Friday, December 31, 2010

Why I Opened The Closet Door


Just being able to admit to myself that I was gay, was a huge step in my life, as I was able to put a name on this "thing" that had been haunting me.   I remember reading the stories of gay college kids, and thinking, wow, I really feel the same way here.   Maybe being gay wasn't a choice after all.   I knew in my heart of hearts I did not and would never have chosen it.   I tried for years helplessly trying to pray and fast my nature away, only to be left feeling resentful and distrustful of a God that has promised love and justice.   However, the freedom I experienced was very short lived.  

It is thought that gay people will use and twist the Bible to embrace their sexuality.  They need to feel justified in their heinous life, so they will do all that it takes.  I assure you, I do no such thing.  In fact, the only time I ever used the Bible for justification was when I was trying not to be gay.

I remember the tears in the eyes of my family and some close friends as I told them I could no longer subject myself to a belief system that was destroying me.   It was a turbulent time for my family.   It was as if I was beginning a new life that was unknown.   I was only a year or so out of college, and my life was about to drastically change a second time.   So why did I do it?   Well, people in my life had their minds made up as to why I decided to embrace my homosexuality.   They attributed it to:

Weakness: for not being able to withstand the temptations luring me into the gay community.  For not being able to withstand my own internal pressures to interact physically with a man.

Deception: For being duped by people who use trickery and side logic in order to convince others to follow in their sinful and self-destructive ways.

Lacking Faith: For not praying hard enough, for not making Jesus the center of my life, and for not believing that even if I was going to be deprived from the male intimacy I craved, that Jesus would just be enough for me.

Why else would anyone want to give into their gay feelings?

Wrong.   Dead wrong.   Except no one wanted to hear me.  If there were reasons that were virtuous in comparison to the above, then somehow their belief systems would fall apart.   I had someone tell me once, that if homosexuality is OK, then everything they believed about God and the church must be false.  How ridiculous is that!  Why would the truth about one of the greatest love stories ever told, i.e. the gospel of Jesus Christ, hinge upon the morality of a sexual orientation?   When on earth did this issue or subject become the focal point of one's faith?  

Understanding this question is what began to lead me to a place where I no longer fought this.  I could not by any means justify the life I was living.  I tried.  I tried using the Bible, I tried through prayer, and I just could not.   It became the single thing that defined me, and I was defined by what I was NOT.  I was NOT gay.   That was my sexual identity: NOT gay.  The church has created an idol out of this issue.   It is a subtle but extreme version of idolatry that puts the issue of homosexuality over the gospel.   It is idolatry that says: because you are gay, you cannot call yourself a Christian.      It is fear and culture that demands such a statement, not the gospel, and definitely not our Father.   In a world where illness, suffering, deceit, and chaos rule.  In a world where financial status determines worth;  in a world and in a church where the first shall be first and the last shall be last;   In a system that is so antithetical to the way Jesus lived and taught, where the very core, and most important commandments given by Jesus are outrightly ignored and brushed aside because "we are not Jesus."  In a religious community that spends most of its energy keeping cultural traditions alive rather than teaching its members how to be light and salt for the earth.  Given all these dysfunctions that are very much acceptable by the Coptic Church, to say that homosexuality is the non-negotiable issue of our time, is a joke, and a mockery of everything Jesus lived and died for, and everything our forefathers fought for.  And I was living proof of what this idolatry was doing to my soul.   I was dying inside, and I was about to die on the outside.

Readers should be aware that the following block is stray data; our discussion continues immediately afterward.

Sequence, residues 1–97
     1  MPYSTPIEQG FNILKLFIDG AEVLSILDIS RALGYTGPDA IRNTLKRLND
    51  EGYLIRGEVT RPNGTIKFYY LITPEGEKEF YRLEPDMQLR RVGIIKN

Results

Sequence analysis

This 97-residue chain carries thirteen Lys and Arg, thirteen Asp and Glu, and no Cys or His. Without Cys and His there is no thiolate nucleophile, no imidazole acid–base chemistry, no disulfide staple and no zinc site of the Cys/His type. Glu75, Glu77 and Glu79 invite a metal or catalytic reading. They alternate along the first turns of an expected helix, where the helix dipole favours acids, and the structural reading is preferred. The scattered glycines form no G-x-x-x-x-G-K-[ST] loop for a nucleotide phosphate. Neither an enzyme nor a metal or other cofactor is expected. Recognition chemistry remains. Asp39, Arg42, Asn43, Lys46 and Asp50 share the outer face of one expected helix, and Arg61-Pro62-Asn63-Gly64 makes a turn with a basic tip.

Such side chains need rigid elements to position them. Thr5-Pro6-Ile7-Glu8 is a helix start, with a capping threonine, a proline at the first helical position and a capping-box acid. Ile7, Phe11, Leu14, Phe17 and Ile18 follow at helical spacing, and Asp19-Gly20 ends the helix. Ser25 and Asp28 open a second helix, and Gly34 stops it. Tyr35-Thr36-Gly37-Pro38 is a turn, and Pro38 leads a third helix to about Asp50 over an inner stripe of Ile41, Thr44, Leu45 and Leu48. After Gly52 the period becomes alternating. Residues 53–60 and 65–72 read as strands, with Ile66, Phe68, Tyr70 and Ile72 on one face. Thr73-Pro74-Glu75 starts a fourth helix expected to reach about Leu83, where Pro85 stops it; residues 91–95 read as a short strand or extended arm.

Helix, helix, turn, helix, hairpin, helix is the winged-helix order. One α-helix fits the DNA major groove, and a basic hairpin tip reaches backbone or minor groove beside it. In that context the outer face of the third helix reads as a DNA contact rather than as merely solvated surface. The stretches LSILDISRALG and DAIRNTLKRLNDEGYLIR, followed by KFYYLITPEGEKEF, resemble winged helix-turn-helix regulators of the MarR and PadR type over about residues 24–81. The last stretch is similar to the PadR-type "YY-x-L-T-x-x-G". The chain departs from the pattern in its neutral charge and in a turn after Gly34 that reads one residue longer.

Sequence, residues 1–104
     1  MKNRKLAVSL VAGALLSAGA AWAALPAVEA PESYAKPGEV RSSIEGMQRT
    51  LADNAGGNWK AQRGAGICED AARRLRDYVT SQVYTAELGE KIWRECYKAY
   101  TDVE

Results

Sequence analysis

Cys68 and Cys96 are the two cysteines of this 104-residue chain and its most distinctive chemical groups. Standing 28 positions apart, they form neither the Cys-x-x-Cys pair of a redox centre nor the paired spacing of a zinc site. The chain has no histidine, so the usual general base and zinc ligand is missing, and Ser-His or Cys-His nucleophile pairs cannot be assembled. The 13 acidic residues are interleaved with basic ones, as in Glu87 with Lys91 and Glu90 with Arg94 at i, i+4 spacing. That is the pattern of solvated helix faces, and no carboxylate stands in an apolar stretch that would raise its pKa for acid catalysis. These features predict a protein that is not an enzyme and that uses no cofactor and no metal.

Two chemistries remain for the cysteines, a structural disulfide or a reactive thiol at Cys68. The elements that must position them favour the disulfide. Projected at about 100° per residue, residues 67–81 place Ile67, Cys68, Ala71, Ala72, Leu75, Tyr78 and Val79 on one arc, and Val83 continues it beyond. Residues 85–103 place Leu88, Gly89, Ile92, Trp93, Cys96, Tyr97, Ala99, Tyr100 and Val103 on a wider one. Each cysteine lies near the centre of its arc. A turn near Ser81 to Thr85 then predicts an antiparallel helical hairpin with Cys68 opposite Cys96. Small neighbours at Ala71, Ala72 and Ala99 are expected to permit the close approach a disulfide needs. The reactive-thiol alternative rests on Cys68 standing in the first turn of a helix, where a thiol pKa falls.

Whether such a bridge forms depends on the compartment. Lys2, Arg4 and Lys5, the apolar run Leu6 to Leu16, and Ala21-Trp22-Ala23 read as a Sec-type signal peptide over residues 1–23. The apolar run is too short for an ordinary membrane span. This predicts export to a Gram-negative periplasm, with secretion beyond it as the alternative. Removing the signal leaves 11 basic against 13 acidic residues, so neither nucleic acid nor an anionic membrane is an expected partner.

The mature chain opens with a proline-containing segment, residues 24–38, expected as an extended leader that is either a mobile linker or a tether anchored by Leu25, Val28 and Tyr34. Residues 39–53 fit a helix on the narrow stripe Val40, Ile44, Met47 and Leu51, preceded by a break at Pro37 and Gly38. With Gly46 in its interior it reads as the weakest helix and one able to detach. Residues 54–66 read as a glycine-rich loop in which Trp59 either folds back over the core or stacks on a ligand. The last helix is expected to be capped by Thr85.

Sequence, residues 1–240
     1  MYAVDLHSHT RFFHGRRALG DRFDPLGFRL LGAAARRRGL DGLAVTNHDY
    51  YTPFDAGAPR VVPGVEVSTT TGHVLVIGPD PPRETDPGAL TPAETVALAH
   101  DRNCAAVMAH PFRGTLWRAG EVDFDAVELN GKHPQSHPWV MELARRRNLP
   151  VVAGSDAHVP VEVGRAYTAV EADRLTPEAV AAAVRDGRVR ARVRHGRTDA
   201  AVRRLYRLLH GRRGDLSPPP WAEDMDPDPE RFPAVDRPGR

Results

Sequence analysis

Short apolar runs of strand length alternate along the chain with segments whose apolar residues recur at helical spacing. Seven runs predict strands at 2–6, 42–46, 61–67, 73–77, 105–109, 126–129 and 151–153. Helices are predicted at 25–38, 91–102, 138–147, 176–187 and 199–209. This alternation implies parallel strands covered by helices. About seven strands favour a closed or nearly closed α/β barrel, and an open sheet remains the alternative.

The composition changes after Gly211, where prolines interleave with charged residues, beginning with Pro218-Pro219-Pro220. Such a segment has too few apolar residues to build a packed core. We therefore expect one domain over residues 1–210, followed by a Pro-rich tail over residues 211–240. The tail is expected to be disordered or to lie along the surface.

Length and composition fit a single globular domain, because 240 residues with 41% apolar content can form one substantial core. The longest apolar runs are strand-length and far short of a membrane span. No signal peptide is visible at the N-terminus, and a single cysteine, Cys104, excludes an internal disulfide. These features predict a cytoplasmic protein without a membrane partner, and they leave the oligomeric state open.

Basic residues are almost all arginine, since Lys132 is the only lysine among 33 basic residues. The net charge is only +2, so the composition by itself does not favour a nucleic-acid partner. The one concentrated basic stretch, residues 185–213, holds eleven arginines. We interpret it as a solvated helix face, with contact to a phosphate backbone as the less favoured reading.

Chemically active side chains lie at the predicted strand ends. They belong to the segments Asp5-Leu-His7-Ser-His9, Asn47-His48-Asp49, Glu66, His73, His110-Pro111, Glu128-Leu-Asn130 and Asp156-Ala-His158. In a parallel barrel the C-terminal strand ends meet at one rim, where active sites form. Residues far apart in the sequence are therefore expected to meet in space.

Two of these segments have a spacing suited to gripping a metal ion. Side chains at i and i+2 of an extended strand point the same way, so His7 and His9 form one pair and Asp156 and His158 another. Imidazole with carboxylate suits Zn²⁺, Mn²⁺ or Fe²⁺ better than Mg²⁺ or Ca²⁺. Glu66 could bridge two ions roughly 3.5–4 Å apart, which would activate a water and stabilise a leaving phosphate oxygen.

There was no room for God to be God in my life, because all this intense energy was being spent struggling with something that was not going anywhere.   I was telling God who I wanted Him to make me.   The church and ex-gay programs put me through mental gymnastics trying to explain away every single thought I was having.   Every desire for intimacy was labelled as sickness, and every attraction I had was merely a symptom of a disease inflicted on me by an unfortunate childhood, combined with possible genetic predispositions.   After years and years of reinforcing this belief, my mind became poisoned, and my self esteem plummeted, and there was nothing that the church or anyone could have done to repair this, as long as the message was being reinforced, that in addition to all the issues I have in my life, the very thing that God gave me in order to experience His love in partnership, my desire for connection and intimacy, both emotional, physical and sexual, was cursed.   What can a person do with such a toxic belief system?  Where is the redemption?

But I did not have these realizations then.  All this was not apparent at the time, as hindsight is 20/20 (or better).  All I knew at the time was that one day, my life almost ended, and it was that night, I was saved.   I had been asking myself for years: "What if homosexuality was a sin?  Then I would truly go to hell if I embraced this identity."   I finally had the guts to ask the question: "What if homosexuality in and of itself was NOT a sin?"

It was in that moment where I almost lost my life, that I no longer had to answer to my family, to my church, to my culture, to my community.  The only person I cared to answer to was God, and myself.  Because at the end of the day, when it came to survival, all the obligations I had to the above checklist became null and void.   And I had to look at myself, and I had to look to God, and I had to ask the question as to what was to become of me.    When the pressures of all the external things dissolved into ether, the question was no longer scary, and I saw myself clear as day.